Syria: The Russian air force has repeatedly bombed hospitals in Syria in order to crush the last pockets of resistance to President Bashar Assad, according to an investigation by New York Times. An analysis of previously unpublished Russian air force radio recordings, plane-spotter logs and witness accounts allowed NYT to trace bombings of four hospitals in just 12 hours in May and tie Russian pilots to each one. The 12-hour period beginning on May 5 represents a small slice of the air war in Syria, but it is a microcosm of Russia’s four-year military intervention in Syria’s civil war. A new front in the conflict opened this week, when Turkish forces crossed the border as part of a campaign against a Kurdish-led militia. Russia has long been accused of carrying out systematic attacks against hospitals and clinics in rebel-held areas as part of a strategy to help Assad secure victory in the eight-year-old war. Physicians for Human Rights, an advocacy group that tracks attacks on medical workers in Syria, has documented at least 583 such attacks since 2011, 266 of them since Russia intervened in September 2015. At least 916 medical workers have been killed since 2011. Social media posts from Syria, interviews with witnesses, and records from charities that supported the hospitals provided the approximate time of each strike. NYT got logs kept by flight spotters on the ground who warn civilians about incoming air strikes and cross-checked the time of each strike to confirm that Russian warplanes were overhead.
We then listened to thousands of Russian air force radio transmissions. The recordings were provided by a network of observers who insisted on anonymity for their safety. Spotter logs from May 5 and 6 put Russian pilots above each hospital at the time they were struck, and air force audio recordings from that day feature Russian pilots confirming each bombing. Videos obtained from witnesses confirmed three of the strikes. Bombing hospitals is a war crime, but proving culpability amid a complex civil war is extremely difficult, and until now, Syrian medical workers and human rights groups lacked proof. Russia’s position as a permanent member of the UN security council has also shielded it from scrutiny. “The attacks on health in Syria as well as bombing of civilian facilities, are definitely war crimes, and they should be prosecuted at the level of the International Criminal Court in The Hague,” said Susannah Sirkin, director of policy at Physicians for Human Rights. But Russia and China “shamefully” vetoed a UNSC resolution that would have referred those and other crimes in Syria to the court, she said. The Russian government did not directly respond to questions about the four hospital bombings. Instead, a foreign ministry spokesman pointed to past statements saying that the Russian air force carries out precision strikes only on “accurately researched targets”. The UN secretary-general, Antonio Guterres, opened an investigation into the hospital bombings in August. The investigation is still ongoing.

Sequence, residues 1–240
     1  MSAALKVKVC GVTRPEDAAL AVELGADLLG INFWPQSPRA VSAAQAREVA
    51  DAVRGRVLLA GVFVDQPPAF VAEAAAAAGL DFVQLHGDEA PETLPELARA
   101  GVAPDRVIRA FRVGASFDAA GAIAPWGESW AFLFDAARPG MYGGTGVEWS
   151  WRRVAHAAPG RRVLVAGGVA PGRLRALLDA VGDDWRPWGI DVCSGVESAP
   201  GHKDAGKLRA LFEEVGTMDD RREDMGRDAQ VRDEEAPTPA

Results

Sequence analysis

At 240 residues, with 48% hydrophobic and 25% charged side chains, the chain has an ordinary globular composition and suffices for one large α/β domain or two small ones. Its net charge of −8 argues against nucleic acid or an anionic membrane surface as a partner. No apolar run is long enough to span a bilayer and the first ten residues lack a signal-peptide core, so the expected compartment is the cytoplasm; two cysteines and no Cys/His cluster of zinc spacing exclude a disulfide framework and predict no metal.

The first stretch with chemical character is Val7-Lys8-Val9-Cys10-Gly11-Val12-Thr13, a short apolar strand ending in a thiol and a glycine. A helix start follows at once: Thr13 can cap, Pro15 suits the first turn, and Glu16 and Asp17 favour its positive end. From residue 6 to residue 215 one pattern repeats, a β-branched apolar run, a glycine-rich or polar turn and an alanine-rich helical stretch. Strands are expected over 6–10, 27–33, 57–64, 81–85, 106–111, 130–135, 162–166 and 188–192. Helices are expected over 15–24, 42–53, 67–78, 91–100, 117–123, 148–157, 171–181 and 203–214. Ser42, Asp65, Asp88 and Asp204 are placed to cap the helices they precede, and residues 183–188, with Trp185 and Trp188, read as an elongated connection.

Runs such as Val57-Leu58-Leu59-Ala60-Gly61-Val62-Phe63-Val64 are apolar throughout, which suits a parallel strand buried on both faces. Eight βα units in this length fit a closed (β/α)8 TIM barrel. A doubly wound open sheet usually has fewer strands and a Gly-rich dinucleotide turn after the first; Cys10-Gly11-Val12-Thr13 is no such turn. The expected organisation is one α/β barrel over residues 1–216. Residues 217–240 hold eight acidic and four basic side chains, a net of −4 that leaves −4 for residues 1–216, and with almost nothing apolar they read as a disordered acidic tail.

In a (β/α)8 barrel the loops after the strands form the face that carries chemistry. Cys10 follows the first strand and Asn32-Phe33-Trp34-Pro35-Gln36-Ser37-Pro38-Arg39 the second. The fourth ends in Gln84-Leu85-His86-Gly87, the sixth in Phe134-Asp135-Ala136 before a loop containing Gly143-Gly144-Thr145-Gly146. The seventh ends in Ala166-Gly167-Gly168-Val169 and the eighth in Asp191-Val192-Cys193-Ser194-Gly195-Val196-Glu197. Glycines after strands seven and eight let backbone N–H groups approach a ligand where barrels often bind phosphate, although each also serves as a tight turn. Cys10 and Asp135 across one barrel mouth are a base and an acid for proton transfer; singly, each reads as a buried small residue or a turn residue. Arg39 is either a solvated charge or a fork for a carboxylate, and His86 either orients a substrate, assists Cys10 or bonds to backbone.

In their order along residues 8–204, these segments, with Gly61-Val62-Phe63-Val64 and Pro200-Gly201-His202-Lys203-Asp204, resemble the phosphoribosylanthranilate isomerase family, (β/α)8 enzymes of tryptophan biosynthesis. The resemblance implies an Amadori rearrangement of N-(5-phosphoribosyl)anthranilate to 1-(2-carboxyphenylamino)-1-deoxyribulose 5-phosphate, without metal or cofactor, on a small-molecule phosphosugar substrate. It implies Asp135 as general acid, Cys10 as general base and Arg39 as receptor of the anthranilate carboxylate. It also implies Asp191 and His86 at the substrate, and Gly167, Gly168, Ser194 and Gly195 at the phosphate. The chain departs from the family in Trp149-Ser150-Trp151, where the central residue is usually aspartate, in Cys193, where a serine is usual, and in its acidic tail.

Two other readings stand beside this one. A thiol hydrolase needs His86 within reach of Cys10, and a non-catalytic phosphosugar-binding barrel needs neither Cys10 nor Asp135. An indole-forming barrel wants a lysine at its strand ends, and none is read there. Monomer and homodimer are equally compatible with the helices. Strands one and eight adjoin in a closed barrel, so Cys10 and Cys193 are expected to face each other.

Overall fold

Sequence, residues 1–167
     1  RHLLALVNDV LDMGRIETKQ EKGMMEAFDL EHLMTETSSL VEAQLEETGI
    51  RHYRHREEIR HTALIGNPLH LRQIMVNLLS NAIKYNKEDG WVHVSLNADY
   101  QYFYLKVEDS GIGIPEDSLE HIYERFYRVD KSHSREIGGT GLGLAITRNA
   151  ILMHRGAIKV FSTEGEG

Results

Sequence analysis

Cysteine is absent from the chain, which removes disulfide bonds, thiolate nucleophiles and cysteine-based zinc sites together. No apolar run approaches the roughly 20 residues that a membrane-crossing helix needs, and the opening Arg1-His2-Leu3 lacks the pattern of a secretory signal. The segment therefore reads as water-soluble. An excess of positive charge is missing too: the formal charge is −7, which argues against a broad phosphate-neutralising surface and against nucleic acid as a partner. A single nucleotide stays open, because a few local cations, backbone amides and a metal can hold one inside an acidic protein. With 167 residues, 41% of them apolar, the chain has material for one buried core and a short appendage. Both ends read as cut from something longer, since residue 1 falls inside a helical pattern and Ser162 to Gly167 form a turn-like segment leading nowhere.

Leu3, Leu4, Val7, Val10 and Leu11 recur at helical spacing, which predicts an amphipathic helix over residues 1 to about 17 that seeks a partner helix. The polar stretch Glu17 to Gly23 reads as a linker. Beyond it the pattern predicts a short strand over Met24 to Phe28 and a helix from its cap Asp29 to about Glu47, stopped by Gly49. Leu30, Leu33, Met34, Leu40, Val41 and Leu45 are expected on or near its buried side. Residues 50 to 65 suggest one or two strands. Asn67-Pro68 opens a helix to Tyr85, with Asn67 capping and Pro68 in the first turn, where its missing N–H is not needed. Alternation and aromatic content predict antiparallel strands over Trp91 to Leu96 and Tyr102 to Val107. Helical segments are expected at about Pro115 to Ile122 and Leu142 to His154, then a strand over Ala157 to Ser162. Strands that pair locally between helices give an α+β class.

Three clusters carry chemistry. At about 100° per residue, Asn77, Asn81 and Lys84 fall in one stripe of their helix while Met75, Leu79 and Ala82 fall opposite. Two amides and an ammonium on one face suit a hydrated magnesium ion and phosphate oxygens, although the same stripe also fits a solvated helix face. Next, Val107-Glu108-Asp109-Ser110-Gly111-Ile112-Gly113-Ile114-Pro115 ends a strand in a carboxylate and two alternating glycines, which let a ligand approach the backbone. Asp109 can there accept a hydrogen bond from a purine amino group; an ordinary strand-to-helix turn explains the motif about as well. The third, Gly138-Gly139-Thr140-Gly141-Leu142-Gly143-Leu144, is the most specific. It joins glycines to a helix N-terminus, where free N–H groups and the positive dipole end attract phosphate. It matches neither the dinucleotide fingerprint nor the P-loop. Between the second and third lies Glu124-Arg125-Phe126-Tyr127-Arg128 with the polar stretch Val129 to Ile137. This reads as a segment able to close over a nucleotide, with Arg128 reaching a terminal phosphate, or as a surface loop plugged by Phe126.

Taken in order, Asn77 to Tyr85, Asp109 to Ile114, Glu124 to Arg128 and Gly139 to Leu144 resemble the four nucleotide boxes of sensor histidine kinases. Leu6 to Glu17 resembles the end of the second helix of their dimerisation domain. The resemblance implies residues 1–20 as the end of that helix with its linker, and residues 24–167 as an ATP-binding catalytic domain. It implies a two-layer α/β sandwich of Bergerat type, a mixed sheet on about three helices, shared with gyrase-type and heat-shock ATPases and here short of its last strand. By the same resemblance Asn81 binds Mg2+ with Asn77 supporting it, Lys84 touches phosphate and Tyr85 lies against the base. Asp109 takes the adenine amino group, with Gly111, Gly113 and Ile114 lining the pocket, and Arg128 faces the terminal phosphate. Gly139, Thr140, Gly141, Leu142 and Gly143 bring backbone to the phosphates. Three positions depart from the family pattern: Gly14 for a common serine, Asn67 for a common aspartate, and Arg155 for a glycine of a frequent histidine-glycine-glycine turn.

Japan sends in Troops after Deadly Typhoon Kills 33
Japan: Japan sent tens of thousands of troops and rescue workers on Sunday to save stranded residents and fight floods caused by one of the worst typhoons to hit the country in recent history. At least 33 people were killed, public broadcaster NHK said. Another 15 were missing and 187 injured by Typhoon Hagibis, which paralysed Tokyo on Saturday and dumped record levels of rain around Japan. About 100,000 homes were left without power. Rescue efforts were hindered after more than 20 rivers in central and northeastern Japan burst their banks and dozens more overflowed although their banks were still intact, NHK said. Evacuation centres filled with residents, while some people perished as they sought shelter, NHK said, adding a 77-year-old woman fell about 40 metres to her death during an airlift.